There can be few treats greater than watching shooting stars streak across the sky. But craning one’s neck in the small hours while waiting for a momentary glimpse of a meteor has its down side. Forget the cold, the neck ache next day and the fact that this August we saw none, the search brought back memories of one of my childhood nightmares. Facing the immensity of the universe made me feel tiny and inconsequential. It is that feeling that returns now when I stare at the Milky Way.
What with the unease posed by our galaxy, together with our countless more everyday struggles, it is remarkable that we human beings can ever be happy, but that is what we often are. Hoping to understand more and to improve my lot, around thirty years ago I wrote a list of my key prerequisites for happiness. I defined six – I would need to have autonomy, influence and adequate creature comforts (food, warmth etc), and to be healthy, feel wanted and be recognised. Some of those priorities have now changed; my need for having influence would no longer make the six. ‘Being recognised’, however, has become more important. The recognition I want is a reminder, a reassurance, that tells me that I exist and that I am a functional part of the human race. The thought of being completely ignored by others, or treated by them as invisible or irrelevant, would be wretched.
Such recognition can come from anybody and in all ‘shapes and sizes’. It’s not necessarily about my being given information or being asked a question. It could be a nod, a smile, a ‘good morning’, or as minimalist as the raising of an index finger as our one-time, grumpy, farmer neighbour would do when he drove past in his tractor. In all this, being recognised by an outsider seems to be particularly reassuring.
I am bothering to write about the importance of having one’s existence recognised because it is the only explanation I have for an incident that occurred recently when I was out shopping and which touched me greatly. Many people might see the event as trivial, but the fact that it had me puzzling for days afterwards means that, at least for me, what happened was important.
I was in our local supermarket looking for ripe avocados. I started whistling the tune of ‘Brave Margot’, a song written by Georges Brassens in 1953 and which is well known in France, particularly amongst those of my generation. Its melody is catchy and its lyrics, I have just discovered, risqué. A young women adopts a stray kitten and the men in the village come to ogle each day when it gets breast fed. Soon the other women of the village become angry and take revenge!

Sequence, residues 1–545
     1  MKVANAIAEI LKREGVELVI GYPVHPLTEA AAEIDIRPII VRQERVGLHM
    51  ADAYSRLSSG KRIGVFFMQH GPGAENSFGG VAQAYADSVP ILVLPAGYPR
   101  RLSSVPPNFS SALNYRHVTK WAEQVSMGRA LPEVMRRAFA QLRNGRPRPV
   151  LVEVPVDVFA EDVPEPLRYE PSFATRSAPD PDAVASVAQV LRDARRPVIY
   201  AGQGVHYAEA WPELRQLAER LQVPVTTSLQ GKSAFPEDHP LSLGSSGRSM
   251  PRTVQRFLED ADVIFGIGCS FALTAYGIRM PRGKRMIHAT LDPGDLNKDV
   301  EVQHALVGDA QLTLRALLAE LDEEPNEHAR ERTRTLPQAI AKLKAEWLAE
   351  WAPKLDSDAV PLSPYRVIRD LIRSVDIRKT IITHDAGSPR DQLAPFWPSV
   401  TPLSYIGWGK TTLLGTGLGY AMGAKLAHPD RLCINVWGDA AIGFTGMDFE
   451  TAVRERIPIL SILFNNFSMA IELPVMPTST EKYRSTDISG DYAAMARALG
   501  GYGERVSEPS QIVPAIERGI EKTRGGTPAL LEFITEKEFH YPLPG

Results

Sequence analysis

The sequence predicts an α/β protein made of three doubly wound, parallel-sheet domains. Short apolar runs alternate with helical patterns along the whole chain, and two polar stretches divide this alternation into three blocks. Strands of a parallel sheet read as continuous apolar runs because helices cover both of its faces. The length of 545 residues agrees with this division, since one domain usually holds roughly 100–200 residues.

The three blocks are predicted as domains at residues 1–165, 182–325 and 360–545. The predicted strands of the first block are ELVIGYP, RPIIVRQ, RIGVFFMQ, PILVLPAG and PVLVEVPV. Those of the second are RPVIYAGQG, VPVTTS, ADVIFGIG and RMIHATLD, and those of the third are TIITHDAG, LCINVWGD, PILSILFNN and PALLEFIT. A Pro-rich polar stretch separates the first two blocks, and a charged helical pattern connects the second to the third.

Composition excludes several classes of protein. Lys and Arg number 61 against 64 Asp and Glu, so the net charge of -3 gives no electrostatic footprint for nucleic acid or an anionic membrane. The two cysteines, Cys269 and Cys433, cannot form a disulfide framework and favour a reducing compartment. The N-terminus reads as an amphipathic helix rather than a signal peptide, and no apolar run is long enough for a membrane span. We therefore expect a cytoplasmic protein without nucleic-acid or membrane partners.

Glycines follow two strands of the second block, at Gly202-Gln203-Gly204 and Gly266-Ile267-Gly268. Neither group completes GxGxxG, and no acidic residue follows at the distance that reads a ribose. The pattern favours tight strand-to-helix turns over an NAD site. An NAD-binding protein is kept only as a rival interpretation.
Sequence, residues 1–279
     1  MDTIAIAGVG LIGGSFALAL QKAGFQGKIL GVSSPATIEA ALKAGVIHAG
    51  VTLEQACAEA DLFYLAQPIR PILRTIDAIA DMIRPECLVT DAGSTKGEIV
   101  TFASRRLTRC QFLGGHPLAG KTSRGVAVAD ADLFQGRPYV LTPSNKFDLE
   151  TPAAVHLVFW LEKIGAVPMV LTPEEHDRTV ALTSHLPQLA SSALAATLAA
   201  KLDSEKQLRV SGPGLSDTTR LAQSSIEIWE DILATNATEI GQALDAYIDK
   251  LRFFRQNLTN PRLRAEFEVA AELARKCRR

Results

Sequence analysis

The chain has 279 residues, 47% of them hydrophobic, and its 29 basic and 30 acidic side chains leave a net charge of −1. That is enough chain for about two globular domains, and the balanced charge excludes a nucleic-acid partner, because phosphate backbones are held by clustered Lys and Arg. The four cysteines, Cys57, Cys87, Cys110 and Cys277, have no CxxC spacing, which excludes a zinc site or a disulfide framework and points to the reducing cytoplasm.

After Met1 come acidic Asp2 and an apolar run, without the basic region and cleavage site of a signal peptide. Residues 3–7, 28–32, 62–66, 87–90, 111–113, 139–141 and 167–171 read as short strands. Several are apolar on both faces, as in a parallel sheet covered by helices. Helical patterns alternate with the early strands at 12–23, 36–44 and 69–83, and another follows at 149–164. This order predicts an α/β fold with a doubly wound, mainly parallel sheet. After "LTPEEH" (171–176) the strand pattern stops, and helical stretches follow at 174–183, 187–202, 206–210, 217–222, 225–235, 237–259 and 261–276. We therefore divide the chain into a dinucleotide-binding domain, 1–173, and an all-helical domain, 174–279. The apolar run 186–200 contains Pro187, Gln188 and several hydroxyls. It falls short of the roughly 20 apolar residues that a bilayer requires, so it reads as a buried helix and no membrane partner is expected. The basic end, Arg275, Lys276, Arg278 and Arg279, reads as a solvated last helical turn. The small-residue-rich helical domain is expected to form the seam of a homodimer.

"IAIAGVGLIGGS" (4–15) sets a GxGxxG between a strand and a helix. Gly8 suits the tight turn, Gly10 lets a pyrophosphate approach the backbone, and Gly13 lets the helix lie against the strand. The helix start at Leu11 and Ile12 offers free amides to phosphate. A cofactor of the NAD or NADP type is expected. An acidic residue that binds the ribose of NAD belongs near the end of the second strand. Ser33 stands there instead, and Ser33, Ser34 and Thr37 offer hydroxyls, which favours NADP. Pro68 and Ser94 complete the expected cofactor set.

After whistling the introductory bars, I stopped for a breather only to hear the tune taken up and continued by someone out-of-sight in the neighbouring aisle. After a few moments the mystery whistler stopped and I started up and again where he, or was it a she, had left off. Next, it was my turn to stop and the unknown whistler started up again. Suddenly the tune was coming from just a few yards behind me and I turned to see the mystery songbird, a man in his early forties with a smiley face and twinkling eyes but with little else that might bring him to one’s attention. This complete stranger was slim, balding and bewhiskered, and his dress appearing more determined by need than style.
I had had no idea who to expect but it didn’t matter, for those few moments we two members of the human race were as one. The event was unprompted, no words were exchanged and we will probably never see each other again, but the deed was done. By dint of a few interchanged notes, an exchange that served no material purpose meant that we had recognised each other’s existence.
For me, that moment of my being noticed, of being reminded of my existence in the universe in this way, was extraordinarily moving. In trying to work out what was going on, my position is somewhat akin to Sartre’s view – It is other people who validate, influence and even shape our existence. Where we differ is that whereas Sartre sees others as hellish, I see them as potentially benign and positive. With outside influence being so crucial, it is easy to see why my experience at the supermarket had such a powerful effect. Moreover, being noticed in this way left me happy for days – a perfect antidote to the Milky Way dilemma.